Lokantara, Lokāntara, Loka-antara: 6 definitions

Introduction

Lokantara means something in Hinduism, Sanskrit, Buddhism, Pali. If you want to know the exact meaning, history, etymology or English translation of this term then check out the descriptions on this page. Add your comment or reference to a book if you want to contribute to this summary article.

Languages of India and abroad

Pali-English dictionary

[«previous (L) next»] — Lokantara in Pali glossary
Source: BuddhaSasana: Concise Pali-English Dictionary

lokantara : (nt.) a different world; the space between the worlds.

Source: Sutta: The Pali Text Society's Pali-English Dictionary

Lokantara refers to: the space between the single worlds J. I, 44 (V. 253: Avīcimhi na uppajjanti, tathā lokantaresu ca).

Note: lokantara is a Pali compound consisting of the words loka and antara.

Pali book cover
context information

Pali is the language of the Tipiṭaka, which is the sacred canon of Theravāda Buddhism and contains much of the Buddha’s speech. Closeley related to Sanskrit, both languages are used interchangeably between religions.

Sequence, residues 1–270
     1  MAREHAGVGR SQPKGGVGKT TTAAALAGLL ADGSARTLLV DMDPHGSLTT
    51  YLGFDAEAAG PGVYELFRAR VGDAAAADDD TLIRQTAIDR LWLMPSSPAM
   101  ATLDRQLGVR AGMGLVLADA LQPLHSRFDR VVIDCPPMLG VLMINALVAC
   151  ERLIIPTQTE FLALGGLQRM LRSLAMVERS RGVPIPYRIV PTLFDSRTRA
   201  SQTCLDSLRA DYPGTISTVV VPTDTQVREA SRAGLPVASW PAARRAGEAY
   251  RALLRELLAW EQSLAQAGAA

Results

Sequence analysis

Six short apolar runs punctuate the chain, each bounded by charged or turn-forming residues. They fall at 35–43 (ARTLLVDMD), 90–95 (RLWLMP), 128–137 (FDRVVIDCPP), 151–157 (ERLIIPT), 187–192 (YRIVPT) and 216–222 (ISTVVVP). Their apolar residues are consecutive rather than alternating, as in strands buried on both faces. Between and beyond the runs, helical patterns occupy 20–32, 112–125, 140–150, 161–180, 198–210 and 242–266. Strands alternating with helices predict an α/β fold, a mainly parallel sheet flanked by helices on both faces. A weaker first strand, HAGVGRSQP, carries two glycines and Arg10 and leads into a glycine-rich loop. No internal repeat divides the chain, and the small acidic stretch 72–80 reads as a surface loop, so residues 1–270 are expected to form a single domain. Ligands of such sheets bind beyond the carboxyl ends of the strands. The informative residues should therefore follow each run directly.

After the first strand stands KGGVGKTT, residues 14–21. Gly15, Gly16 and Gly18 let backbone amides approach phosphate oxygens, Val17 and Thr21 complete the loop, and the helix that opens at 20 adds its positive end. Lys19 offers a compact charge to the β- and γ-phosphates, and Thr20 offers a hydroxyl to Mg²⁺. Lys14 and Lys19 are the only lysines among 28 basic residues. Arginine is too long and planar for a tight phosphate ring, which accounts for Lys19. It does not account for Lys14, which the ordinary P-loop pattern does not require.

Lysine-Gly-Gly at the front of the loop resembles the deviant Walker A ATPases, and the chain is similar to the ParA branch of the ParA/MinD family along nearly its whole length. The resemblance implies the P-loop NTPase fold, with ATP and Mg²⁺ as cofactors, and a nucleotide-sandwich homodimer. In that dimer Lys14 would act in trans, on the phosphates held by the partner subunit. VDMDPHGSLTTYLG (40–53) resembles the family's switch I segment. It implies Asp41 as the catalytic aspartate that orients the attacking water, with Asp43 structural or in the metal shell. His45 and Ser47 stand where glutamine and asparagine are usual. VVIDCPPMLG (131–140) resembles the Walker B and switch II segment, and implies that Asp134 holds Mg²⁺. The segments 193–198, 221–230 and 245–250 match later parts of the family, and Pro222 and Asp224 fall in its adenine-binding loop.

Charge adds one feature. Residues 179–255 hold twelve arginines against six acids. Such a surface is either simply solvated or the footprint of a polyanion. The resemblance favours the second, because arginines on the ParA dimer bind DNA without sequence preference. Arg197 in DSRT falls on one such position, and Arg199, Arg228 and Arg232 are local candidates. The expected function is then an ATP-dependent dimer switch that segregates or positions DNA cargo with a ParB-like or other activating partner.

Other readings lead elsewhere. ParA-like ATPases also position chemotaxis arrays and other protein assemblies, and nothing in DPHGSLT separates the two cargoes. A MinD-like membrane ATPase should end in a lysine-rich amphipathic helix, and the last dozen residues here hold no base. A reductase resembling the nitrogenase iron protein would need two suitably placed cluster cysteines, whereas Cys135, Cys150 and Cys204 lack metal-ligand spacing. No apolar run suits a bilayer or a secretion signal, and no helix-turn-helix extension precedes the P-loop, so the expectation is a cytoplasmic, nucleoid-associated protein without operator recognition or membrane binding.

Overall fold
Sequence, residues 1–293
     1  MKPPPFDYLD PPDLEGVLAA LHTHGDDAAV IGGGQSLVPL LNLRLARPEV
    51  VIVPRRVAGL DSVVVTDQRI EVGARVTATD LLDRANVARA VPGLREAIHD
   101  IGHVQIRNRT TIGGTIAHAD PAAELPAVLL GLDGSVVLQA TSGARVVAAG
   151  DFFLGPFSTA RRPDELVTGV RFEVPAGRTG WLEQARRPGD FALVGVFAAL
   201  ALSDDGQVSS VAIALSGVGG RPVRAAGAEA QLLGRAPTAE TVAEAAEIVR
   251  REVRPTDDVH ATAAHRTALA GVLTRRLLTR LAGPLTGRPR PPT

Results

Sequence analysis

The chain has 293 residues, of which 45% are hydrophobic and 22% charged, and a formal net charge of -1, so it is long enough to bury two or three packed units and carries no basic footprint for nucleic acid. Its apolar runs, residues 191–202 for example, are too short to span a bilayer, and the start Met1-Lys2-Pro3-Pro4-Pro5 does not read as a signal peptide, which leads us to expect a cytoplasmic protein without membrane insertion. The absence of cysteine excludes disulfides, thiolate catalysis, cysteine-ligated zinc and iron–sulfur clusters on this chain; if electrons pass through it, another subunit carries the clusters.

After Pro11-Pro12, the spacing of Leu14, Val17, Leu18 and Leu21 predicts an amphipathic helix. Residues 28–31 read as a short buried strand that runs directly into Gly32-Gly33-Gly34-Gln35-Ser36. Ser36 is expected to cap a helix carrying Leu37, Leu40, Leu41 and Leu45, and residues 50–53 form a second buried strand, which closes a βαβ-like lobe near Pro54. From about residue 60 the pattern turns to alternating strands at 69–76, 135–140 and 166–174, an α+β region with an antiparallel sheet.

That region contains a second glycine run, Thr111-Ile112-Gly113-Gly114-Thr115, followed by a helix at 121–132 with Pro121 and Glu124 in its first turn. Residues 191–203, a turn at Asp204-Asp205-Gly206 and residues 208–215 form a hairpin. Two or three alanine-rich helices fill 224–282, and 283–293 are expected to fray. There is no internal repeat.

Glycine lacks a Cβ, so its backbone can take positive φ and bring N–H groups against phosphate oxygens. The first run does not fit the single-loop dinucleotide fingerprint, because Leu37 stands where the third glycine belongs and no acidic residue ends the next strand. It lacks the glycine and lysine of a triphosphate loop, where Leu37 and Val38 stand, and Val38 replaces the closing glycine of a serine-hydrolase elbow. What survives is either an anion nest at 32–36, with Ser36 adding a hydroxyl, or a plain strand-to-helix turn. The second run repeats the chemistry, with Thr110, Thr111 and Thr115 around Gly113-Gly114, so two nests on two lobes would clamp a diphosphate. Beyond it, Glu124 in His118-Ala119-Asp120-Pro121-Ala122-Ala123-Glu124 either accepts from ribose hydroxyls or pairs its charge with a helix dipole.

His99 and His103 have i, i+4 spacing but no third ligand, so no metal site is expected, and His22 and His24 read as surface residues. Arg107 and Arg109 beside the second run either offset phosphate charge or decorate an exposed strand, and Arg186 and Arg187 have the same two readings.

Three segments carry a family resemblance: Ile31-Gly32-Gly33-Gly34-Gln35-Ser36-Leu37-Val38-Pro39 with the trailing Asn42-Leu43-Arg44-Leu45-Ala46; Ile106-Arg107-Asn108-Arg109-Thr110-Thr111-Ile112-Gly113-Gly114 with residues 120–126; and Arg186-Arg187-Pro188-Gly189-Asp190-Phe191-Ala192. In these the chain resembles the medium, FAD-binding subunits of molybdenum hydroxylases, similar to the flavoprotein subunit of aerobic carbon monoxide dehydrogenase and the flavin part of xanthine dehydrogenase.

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Sanskrit-English dictionary

[«previous (L) next»] — Lokantara in Sanskrit glossary
Source: DDSA: The practical Sanskrit-English dictionary

Lokāntara (लोकान्तर).—'another world', the next world, future life; लोकान्तरसुखं पुण्यं तपोदानसमुद्भवम् (lokāntarasukhaṃ puṇyaṃ tapodānasamudbhavam) R.1.69;6.45; लोकान्तरं गम्-प्राप् (lokāntaraṃ gam-prāp) &c. 'to die'.

Derivable forms: lokāntaram (लोकान्तरम्).

Lokāntara is a Sanskrit compound consisting of the terms loka and antara (अन्तर).

Source: Cologne Digital Sanskrit Dictionaries: Shabda-Sagara Sanskrit-English Dictionary

Lokāntara (लोकान्तर).—n.

(-raṃ) Another world. E. loka, and antara other.

Source: Cologne Digital Sanskrit Dictionaries: Cappeller Sanskrit-English Dictionary

Lokāntara (लोकान्तर).—[neuter] another world, the Beyond.

Source: Cologne Digital Sanskrit Dictionaries: Monier-Williams Sanskrit-English Dictionary

Lokāntara (लोकान्तर):—[from loka > lok] n. another world, the next w°, a future life (raṃgam or √, to go into the next w°, die), [Kāvya literature; Bhāgavata-purāṇa, etc.]

context information

Sanskrit, also spelled संस्कृतम् (saṃskṛtam), is an ancient language of India commonly seen as the grandmother of the Indo-European language family. Closely allied with Prakrit and Pali, Sanskrit is more exhaustive in both grammar and terms and has the most extensive collection of literature in the world, greatly surpassing its sister-languages Greek and Latin.

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